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Impact of Grain Boundaries on Structural and Mechanical Properties

  • H. Van Swygenhoven
  • P. M. Derlet
  • A. Hasnaoui
  • M. Samaras
Part of the NATO Science Series book series (NAII, volume 128)

Abstract

For some polycrystalline metals with grain sizes in the nano regime, experiments have suggested a deviation away from the Hall-Petch relation relating yield stress to average grain size [1]. The debate continues whether or not such deviations are a result of intrinsically different material properties of nanocrystalline (nc) systems, or due simply to inherent difficulties in the preparation of fully dense nc-samples and in their microstructural characterization. Nevertheless, it suggests that the traditional work hardening mechanism of pile-up of dislocations originating from Frank-Read sources may no longer be valid at the nanometer scale. In-situ deformation testing in the transmission electron microscope (TEM), performed on Cu and Ni3Al nc samples, reveals a limited dislocation activity in grains below 50nm [2,3]. However, due to the presence of large internal stresses which make grain boundaries (GB) in TEM images difficult to observe, and also possible artifacts induced by thin-film geometry such as dislocations emitted from the surface [4], in-situ tensile tests did not until now, bring convincing evidence for abundant dislocation activity. Mechanical testing also revealed the issue of the “GB state” by means of a property dependence on thermal history and internal strains. It is shown that a substantial strengthening can be obtained by a short heat treatment. The cause of the strengthening is possibly associated with a reduction in internal strains and/or dislocation content produced by the annealing [5]. The effect of strengthening has been measured both on nc materials obtained by grain refinement techniques and those obtained by consolidation of clusters.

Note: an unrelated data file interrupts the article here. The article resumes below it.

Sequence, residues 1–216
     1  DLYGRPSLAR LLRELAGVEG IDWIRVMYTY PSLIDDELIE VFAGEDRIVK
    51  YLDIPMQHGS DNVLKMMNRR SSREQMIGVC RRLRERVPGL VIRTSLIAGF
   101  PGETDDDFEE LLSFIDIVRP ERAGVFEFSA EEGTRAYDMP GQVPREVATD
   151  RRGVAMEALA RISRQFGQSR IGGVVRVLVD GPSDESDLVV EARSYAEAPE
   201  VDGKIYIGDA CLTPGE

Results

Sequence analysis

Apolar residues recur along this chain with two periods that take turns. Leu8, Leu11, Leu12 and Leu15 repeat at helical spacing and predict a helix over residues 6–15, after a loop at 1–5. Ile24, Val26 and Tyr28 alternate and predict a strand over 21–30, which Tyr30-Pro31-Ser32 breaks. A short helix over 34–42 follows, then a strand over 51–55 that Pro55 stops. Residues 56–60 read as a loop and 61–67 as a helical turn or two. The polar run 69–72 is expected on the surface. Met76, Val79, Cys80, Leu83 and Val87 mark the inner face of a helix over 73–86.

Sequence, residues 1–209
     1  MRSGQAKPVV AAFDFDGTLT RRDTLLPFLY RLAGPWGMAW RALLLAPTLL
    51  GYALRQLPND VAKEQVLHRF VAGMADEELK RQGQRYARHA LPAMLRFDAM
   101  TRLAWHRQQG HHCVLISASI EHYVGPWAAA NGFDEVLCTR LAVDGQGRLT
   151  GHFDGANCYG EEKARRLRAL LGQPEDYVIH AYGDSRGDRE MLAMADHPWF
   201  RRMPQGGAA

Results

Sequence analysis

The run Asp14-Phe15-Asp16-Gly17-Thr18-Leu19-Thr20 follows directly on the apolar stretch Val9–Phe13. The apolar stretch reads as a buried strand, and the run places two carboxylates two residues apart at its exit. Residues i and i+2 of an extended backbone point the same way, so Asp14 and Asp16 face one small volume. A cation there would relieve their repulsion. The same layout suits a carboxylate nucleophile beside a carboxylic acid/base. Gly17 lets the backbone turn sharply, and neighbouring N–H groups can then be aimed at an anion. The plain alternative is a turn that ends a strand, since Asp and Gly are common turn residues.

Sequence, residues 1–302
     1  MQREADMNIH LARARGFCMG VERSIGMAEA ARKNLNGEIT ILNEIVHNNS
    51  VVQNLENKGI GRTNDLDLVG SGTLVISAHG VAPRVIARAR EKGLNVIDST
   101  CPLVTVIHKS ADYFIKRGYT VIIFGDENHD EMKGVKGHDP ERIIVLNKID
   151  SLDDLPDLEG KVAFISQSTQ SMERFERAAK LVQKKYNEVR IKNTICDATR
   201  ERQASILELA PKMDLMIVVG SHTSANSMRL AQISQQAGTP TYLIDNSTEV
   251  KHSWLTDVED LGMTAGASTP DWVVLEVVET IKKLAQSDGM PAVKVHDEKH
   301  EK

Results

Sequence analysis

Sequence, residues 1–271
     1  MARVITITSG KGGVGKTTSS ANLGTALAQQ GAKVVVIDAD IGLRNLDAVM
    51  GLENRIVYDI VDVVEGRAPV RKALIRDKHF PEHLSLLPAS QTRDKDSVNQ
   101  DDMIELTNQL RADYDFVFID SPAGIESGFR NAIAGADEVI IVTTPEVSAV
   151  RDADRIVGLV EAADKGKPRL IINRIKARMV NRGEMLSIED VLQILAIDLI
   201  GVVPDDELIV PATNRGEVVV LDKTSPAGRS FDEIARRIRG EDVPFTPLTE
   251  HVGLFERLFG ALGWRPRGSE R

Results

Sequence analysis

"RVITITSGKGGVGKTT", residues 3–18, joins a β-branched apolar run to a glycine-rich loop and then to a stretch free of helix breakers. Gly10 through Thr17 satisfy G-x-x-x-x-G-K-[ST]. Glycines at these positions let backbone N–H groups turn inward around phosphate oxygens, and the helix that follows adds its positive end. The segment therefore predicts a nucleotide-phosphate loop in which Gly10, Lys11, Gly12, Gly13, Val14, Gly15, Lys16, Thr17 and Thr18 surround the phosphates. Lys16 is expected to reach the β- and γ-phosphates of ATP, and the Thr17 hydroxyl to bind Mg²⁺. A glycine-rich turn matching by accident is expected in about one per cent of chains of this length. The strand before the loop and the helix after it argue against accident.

Keywords

Grain Boundary Triple Junction Grain Boundary Slide Dislocation Activity Excess Free Volume 
These keywords were added by machine and not by the authors. This process is experimental and the keywords may be updated as the learning algorithm improves.

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Copyright information

© Springer Science+Business Media Dordrecht 2003

Authors and Affiliations

  • H. Van Swygenhoven
    • 1
  • P. M. Derlet
    • 1
  • A. Hasnaoui
    • 1
  • M. Samaras
    • 1
  1. 1.Paul Scherrer InstituteVilligen-PSISwitzerland

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